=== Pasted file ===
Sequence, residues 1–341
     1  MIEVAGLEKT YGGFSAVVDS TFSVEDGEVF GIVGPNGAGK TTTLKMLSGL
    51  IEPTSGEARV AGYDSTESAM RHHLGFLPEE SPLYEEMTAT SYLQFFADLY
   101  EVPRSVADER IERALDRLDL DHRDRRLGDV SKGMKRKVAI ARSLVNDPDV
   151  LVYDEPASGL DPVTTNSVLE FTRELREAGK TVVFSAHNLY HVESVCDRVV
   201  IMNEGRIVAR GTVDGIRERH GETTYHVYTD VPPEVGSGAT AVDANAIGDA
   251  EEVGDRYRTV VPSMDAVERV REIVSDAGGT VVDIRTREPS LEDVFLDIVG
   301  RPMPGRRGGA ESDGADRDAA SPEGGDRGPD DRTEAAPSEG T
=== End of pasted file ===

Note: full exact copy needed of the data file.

Sequence, residues 1–341
     1  MIEVAGLEKT YGGFSAVVDS TFSVEDGEVF GIVGPNGAGK TTTLKMLSGL
    51  IEPTSGEARV AGYDSTESAM RHHLGFLPEE SPLYEEMTAT SYLQFFADLY
   101  EVPRSVADER IERALDRLDL DHRDRRLGDV SKGMKRKVAI ARSLVNDPDV
   151  LVYDEPASGL DPVTTNSVLE FTRELREAGK TVVFSAHNLY HVESVCDRVV
   201  IMNEGRIVAR GTVDGIRERH GETTYHVYTD VPPEVGSGAT AVDANAIGDA
   251  EEVGDRYRTV VPSMDAVERV REIVSDAGGT VVDIRTREPS LEDVFLDIVG
   301  RPMPGRRGGA ESDGADRDAA SPEGGDRGPD DRTEAAPSEG T